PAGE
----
Hands up who is constantly buying a new planner, subscribing to a new app or changing project management tools in an attempt to be more productive?
I have definitely been there! I get so enthusiastic about new shiny things – this is the tool that is going to be the game changer. I start off obsessed. Using it constantly. The first flush of using something new. And after awhile, the enthusiasm starts to wane. I’m less disciplined in using my new planner. My ability to get things done feels the same as its always done. It feels like I’m getting nowhere.
It’s disappointing and what’s more it’s discouraging.
Have you been here?
You question whether you’re actually capable of making any meaningful change to your productivity levels. You feel like you’ve wasted money, that you got suckered. Maybe even going as far to question your ability to make choices and soundly evaluate options.
But the problem isn’t you. And the problem certainly isn’t the tool. Here’s how you change the pattern.
Stick With It
If you’re switching tools constantly, you’re not giving yourself time to truly integrate the tool in your life. You’re jumping from one thing to the next, which makes it really difficult to evaluate how effective it is.
When you buy a new planner or app or productivity tool, you do so because you expect certain results. That you’ll feel more organised and less chaotic. That you’ll get more done. That you’ll use your time more effectively. If you chop and change from one thing to the next, you move on before you have a chance for the results to come through.
Part of adopting a new tool is building the new habit. That means realising that you’ll need to stick with it for awhile to start to see results. You don’t see the impact from a new exercise regime after the first class, you need to show up consistently. Implementing a new productivity tool is the same.
READ MORE: Six Simple Tips for Planning Your Work Day
Figure Out What You Need
Sometimes we struggle to stick with using our new planner because it doesn’t match up with functionality we actually need. We see something on Instagram, get super excited about achieving the promised results and don’t stop to think about what our requirements actually are.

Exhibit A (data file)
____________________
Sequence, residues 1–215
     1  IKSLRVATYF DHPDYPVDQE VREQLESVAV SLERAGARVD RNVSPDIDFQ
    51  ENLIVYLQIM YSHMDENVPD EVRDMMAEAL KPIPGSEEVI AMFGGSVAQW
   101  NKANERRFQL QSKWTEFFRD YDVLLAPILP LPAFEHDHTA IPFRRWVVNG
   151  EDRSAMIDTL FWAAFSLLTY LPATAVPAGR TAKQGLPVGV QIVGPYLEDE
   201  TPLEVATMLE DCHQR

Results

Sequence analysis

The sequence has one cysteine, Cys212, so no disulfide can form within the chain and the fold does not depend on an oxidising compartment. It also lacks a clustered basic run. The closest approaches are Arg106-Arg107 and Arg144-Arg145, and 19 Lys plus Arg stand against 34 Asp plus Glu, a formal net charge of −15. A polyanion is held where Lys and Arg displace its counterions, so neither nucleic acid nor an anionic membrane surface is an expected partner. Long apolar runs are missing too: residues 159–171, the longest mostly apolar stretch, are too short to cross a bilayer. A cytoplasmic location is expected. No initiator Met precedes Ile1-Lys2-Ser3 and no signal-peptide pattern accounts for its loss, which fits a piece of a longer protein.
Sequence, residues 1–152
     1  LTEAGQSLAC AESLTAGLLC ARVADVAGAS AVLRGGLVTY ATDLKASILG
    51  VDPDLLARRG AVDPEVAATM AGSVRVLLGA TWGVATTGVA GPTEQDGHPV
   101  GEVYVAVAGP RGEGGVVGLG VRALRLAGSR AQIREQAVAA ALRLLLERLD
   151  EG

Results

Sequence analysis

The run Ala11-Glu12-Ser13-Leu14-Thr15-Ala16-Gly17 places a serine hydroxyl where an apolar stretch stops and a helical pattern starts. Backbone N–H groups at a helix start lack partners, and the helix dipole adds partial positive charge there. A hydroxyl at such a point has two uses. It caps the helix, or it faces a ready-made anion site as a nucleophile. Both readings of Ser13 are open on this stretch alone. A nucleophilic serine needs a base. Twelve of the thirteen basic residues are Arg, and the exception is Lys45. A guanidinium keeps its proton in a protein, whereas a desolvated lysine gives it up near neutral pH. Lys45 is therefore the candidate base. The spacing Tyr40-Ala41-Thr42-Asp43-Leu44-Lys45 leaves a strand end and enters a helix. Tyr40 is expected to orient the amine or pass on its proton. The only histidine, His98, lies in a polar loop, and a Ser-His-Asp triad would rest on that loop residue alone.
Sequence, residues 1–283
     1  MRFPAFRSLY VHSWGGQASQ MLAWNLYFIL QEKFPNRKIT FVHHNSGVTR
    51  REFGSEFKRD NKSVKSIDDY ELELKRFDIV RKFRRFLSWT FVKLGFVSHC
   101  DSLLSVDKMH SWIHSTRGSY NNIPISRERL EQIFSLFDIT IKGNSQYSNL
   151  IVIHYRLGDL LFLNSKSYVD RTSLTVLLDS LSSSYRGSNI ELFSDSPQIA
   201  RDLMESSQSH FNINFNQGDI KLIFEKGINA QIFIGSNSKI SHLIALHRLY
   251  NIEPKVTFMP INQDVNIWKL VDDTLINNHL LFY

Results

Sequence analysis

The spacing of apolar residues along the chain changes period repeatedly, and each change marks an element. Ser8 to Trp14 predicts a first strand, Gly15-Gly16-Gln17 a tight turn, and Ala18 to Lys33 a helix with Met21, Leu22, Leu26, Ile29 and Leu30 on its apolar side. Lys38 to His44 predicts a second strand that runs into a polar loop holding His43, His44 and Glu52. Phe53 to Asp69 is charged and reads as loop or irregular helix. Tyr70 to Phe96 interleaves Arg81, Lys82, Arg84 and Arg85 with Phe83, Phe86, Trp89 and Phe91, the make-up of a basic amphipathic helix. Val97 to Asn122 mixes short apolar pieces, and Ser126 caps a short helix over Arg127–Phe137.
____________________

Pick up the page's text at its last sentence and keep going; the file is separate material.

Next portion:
What functionality do you actually need? How do you intend to use the tool? What outcomes are you trying to produce? Figure that out and then shop around to see what is the best fit.
So with a planner do you want a day per page or a week layout? Will you do a weekly reflection or monthly? Do you want space to map out hour by hour? Or room for gratitude? How you answer all of these questions determines which planner is going to suit you best.
It’s worth mentioning that less can be more. It’s tempting to try and get as many bells and whistles as possible. But I’ve found this gets overwhelming. I either give up on the planner altogether, feeling like it’s too much of a commitment to use all of the functionality. Or I only use the parts that actually work for me, with a niggling feeling that I’m not getting the most out of it.
Speaking of less being more, if you’ve been adding and adding tools without consciously decommissioning the old ones chances are you’re spending more time maintaining your various planners and time management apps than actually getting stuff done. It’s an easy trap to fall into, that writing to do lists and scheduling tasks into calendars is being productive. While taking time to plan is part of using your time effectively, there is no substitute for doing.